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  Trip Report: A Look Inside the TTC - Chapter 1
  In and Around the RDL
Around the grounds and near the Rail Dynamics Lab
  From: A Look Inside the TTC Dates: Apr 26, 2008 Author: Nathan Holmes


Photo 1
On very rare occasions, the American Association of Railroad's Transportation Technology Center is opened up to non-employees. On 19-Apr-2008, employees were allowed to invite friends and family out for an open house event, celebrating 25 years of AAR ownership and 10 years of contract operation by TTCI. Needless to say, I didn't turn down the invitation!
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Photo 2
As any good railfan would do, I hit up the free food first, then immediately headed over towards the equipment. Freshly painted GP40-2 203 was providing power for the day's rides around the main 13.5 mile test loop.
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  Report Chapters  
   1 - In and Around the RDL
   2 - In and Around the CSB
   3 - Various Equipment on Display
   4 - Riding the Test Loop
  Site Navigation  
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Photo 3
Another look at the new paint on 203.
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Photo 4
Looking west down the tracks leading out of the core facilities towards the testing loops - Pikes Peak is visible on the right.
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Photo 5
The first building north of the main offices is the Rail Dynamics Lab, where equipment can be run through a variety of testing, including accelerated testing of the vibration and dynamic stresses on equipment incurred during use, but in a controlled laboratory environment.
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Photo 6
The cavernous bay inside the TTC's Rail Dynamics Lab.
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Photo 7
This machine is known as the VTU - Vibration Test Unit. A full-sized railcar can be mounted with one truck on each of these blue stands, and a computer will then subject it to all of the bouncing and jarring of a real journey across the country.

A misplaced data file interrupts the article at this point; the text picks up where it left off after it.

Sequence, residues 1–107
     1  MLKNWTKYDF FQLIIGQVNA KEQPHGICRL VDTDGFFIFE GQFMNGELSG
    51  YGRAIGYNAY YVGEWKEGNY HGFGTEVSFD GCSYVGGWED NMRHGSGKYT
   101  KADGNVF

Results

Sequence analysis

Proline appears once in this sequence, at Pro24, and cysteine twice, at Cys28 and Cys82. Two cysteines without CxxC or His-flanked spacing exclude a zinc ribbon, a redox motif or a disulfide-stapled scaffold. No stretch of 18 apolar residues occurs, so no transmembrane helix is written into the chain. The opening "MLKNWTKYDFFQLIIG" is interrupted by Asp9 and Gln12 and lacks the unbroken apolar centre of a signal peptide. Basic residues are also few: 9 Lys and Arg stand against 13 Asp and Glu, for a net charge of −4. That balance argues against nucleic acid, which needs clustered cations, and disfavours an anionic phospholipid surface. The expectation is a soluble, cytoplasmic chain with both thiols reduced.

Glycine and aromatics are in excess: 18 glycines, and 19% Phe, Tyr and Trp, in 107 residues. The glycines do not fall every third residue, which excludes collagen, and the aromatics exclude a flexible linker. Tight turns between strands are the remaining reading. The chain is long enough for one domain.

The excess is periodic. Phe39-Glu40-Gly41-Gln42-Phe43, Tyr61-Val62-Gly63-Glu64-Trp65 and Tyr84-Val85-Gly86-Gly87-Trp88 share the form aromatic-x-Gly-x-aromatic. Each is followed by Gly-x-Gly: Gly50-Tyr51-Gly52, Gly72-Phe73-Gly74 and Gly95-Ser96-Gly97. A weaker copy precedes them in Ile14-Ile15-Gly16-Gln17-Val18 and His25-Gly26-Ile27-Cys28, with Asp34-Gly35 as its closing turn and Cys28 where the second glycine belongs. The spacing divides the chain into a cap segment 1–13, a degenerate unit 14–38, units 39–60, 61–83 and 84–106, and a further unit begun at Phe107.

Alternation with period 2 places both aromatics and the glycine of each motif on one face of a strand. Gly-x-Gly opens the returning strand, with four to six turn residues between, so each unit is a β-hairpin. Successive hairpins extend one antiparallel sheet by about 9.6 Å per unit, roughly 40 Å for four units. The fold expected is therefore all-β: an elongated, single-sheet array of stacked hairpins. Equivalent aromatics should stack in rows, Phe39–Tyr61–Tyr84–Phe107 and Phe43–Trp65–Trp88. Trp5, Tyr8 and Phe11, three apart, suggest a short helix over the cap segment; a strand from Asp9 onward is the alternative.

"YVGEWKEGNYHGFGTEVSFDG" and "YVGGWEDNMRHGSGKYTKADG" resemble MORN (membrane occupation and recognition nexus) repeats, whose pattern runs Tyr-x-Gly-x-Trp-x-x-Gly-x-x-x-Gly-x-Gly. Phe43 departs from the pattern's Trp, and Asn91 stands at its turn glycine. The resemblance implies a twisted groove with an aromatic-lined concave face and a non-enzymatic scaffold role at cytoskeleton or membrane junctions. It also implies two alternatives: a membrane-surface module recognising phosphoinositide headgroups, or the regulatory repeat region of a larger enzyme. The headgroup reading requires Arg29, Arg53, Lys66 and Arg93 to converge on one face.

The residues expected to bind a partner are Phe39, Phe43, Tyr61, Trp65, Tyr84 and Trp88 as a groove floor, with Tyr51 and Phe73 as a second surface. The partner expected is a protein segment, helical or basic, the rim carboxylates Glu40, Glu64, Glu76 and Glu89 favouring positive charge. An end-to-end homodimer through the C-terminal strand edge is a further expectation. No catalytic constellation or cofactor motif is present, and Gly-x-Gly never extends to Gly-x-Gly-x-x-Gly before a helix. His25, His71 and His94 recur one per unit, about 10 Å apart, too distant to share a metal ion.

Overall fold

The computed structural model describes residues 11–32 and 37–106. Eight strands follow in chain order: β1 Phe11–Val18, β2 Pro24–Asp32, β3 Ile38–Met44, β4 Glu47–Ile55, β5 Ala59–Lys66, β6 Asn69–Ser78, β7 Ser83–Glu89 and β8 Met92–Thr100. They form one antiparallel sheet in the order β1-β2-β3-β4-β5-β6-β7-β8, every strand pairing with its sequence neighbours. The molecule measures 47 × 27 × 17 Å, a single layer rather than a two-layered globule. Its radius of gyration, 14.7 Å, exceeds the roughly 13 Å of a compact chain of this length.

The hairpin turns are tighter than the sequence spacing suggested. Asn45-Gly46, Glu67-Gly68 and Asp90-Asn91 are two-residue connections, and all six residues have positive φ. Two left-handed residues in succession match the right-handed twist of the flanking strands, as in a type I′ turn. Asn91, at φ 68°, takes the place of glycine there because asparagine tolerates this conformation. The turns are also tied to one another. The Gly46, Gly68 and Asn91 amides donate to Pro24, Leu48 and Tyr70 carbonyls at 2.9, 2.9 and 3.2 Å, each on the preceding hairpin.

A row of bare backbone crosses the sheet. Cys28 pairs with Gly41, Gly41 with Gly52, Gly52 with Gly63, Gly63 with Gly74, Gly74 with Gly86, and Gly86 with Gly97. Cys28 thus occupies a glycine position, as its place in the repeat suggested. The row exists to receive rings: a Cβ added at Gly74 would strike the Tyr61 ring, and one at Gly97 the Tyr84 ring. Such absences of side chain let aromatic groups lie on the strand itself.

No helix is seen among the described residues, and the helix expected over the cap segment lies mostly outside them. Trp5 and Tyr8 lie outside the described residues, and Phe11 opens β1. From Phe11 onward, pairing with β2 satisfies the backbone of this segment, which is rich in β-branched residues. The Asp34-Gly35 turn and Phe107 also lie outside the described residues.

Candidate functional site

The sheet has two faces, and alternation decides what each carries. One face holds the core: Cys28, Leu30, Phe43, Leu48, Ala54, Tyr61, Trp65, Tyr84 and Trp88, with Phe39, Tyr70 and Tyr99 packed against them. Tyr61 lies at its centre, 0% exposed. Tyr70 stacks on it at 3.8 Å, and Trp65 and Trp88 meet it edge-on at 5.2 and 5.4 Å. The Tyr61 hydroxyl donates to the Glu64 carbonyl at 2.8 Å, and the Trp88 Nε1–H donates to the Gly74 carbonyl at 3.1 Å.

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Photo 8
Some of the controls for the VTU. The units in the racks on the right should be the electrical drivers for the hydraulic valves that actually create the shaking. Much of the RDL was off-limits to the public, so the VTU is really all I can show you from the inside.
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Photo 9
And what would you do with a VTU? Testing auto racks like this one is one possible option. Having a controlled environment allows the railroads and auto manufacturers to test new methods of securing cars to minimize damage in transit. These are all new but pre-damaged cars and trucks, donated by the manufacturers for destructive testing.
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Photo 10
Outside the RDL was the Federal Railroad Administration's newest test car for their Automated Track Inspection Program - DOTX 220. The car was built by Colorado Railcar in Ft. Lupton back in early 2007, and was originally sent to the TTC for proving as part of an Amtrak special on the Joint Line on 11-Feb-2007.
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Photo 11
It sure is easier to get a good look at the car when it's not flying down the Joint Line at 50+ mph.
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Photo 12
Inside DOTX 220, looking towards the rear. The two consoles each have a large display above showing items of note in the track (switches, signals, crossings, track defects), and the bottom screens show running graphs of things like gauge, grade, curvature, etc.
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Photo 13
From the same position, looking towards the front of the car.
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Photo 14
A closer shot of one of the top screens.
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Photo 15
Looking back the other way, we see the car's galley area off to the right. The next area up holds a workshop, and the final area at the end is where the actual computer hardware lives. Crews work in three week shifts on the car (staying at hotels during the night), with a week off at home in between runs.
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Photo 16
One of the displays from the opposite end of the car.
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Creative Commons License This work is copyright 2008 by Nathan D. Holmes (maverick@drgw.net), but licensed under a Creative Commons License. This allows and encourages others to copy, modify, use, and distribute my work for non-commercial purposes (only), without the hassle of asking me for explicit permission or fear of copyright violation. I encourage others to consider CC or other Open Content-style licensing of their original works.

Most photographs in this trip report were taken with a Canon EOS 40D using either a Canon 24-105mm F4 L IS/USM, Sigma 18-50mm, or a Canon 100-400mm f4.5-5.6L IS/USM. A small number were taken with a Canon SX100 IS.